Question

Dr. R. Chad Halversen performed a laparotomy surgery on Tina Archuleta at St. Mark's Hospital, a Utah facility. Less than two days after being discharged from St. Mark's, Archuleta was admitted to a different hospital because of complaints of severe pain and complications from the surgery. Over the course of the next year, physicians performed several corrective surgeries on her. Archuleta later brought suit against Dr. Halversen and St. Mark's. In regard to St. Mark's, Archuleta's complaint asserted that the hospital "failed to seek consult when appropriate, inadequately trained healthcare provider employees, negligently credentialed . . . Dr. Halversen, and generally fell below the standard of care with regard to Plaintiff Tina Archuleta." St. Mark's moved to dismiss the negligent credentialing claim, asserting that Utah does not recognize a cause of action for a supposed failure to use reasonable care when deciding to credential a given physician. The trial court agreed with St. Mark's and dismissed the negligent credentialing claim. Archuleta appealed to the Supreme Court of Utah. Was the trial court correct in concluding that a negligent credentialing claim could not be pursued against the hospital?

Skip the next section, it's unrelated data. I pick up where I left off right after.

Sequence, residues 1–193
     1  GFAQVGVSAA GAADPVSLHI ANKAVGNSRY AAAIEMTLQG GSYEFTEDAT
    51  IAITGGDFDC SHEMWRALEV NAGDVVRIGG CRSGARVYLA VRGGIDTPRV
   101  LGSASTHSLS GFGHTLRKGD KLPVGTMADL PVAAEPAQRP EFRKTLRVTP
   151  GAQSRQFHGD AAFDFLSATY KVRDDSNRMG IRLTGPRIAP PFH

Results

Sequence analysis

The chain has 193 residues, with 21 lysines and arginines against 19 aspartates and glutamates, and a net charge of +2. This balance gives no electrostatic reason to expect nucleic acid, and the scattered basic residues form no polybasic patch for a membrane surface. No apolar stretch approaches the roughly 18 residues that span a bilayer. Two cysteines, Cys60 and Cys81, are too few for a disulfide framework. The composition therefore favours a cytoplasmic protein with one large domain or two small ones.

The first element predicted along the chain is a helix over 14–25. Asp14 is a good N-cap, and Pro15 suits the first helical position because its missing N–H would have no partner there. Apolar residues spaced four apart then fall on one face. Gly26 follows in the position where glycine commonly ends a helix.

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  • CreatedJuly 16, 2014
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